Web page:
Life is complicated, and sometimes, your circumstances may change. As a result, you might wish to carry out a transfer of property ownership. In this article, we explain your options and why the ‘extinction of co-ownership’ may be the best route to take. Generally speaking, this is because, in most regions, the process only requires one tax payment: stamp duty. Stamp duty in Spain is very reasonable compared to other countries, so it could save you money. Below, we explain more.
Defining the extinction of co-ownership
A particular type of property transfer under Spanish law is the extinction of co-ownership. The best way to explain what this really means is to start with the definition, which is really quite self-explanatory. The process involves cases that comprise ‘co-ownership’ – that is, there are several owners of one property – and ‘extinction’, meaning the process aims to extinguish or dissolve this agreement. Ultimately, there is a decision to end co-ownership and transfer the property to just one owner.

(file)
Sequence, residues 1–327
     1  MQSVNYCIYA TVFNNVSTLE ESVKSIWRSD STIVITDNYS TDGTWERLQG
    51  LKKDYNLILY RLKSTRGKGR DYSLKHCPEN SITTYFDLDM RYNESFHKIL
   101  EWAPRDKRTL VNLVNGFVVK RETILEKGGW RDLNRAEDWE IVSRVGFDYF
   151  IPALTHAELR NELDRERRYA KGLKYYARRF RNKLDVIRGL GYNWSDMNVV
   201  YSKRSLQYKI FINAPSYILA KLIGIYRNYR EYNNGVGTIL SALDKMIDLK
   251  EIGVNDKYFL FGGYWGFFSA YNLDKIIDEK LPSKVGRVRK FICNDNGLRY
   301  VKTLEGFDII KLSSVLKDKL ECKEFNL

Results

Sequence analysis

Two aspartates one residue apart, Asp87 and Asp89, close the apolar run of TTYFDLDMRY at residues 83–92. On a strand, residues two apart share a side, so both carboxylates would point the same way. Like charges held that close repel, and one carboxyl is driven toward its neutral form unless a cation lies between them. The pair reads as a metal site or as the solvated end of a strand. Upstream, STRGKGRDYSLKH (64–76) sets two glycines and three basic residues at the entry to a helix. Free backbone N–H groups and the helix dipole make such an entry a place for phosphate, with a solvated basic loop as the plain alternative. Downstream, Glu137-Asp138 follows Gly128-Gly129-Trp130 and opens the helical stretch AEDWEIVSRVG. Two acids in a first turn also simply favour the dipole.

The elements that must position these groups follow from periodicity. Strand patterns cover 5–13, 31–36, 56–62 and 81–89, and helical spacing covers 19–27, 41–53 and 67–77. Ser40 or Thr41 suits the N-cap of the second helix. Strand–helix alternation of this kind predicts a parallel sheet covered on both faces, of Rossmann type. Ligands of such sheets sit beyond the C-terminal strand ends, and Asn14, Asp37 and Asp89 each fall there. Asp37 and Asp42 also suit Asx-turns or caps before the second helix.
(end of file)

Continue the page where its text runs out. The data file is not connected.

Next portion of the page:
Scenarios which may require an extinction of co-ownership
To clarify, we’d like to give you some examples. As we mentioned initially, life changes; the most common instance where extinction of co-ownership is required is if a couple divorces. The situation generally unfolds as follows; the couple has married and now they want to divide their assets. Under the Consent Order, the property will be assigned to one of the ex-spouses. As such, we proceed with the extinction of co-ownership.
Although this instance is the most typical example, there are other cases. For example, let’s imagine siblings purchase a property together in Spain. One party may have a 60% stake, while the other has 40%. Later down the line, they may decide that one of the parties no longer wishes to have a stake in the property. Therefore, one of the siblings may wish to ‘buy out’ the other’s stake. However, this isn’t really a sale or purchase: it’s the extinction of co-ownership.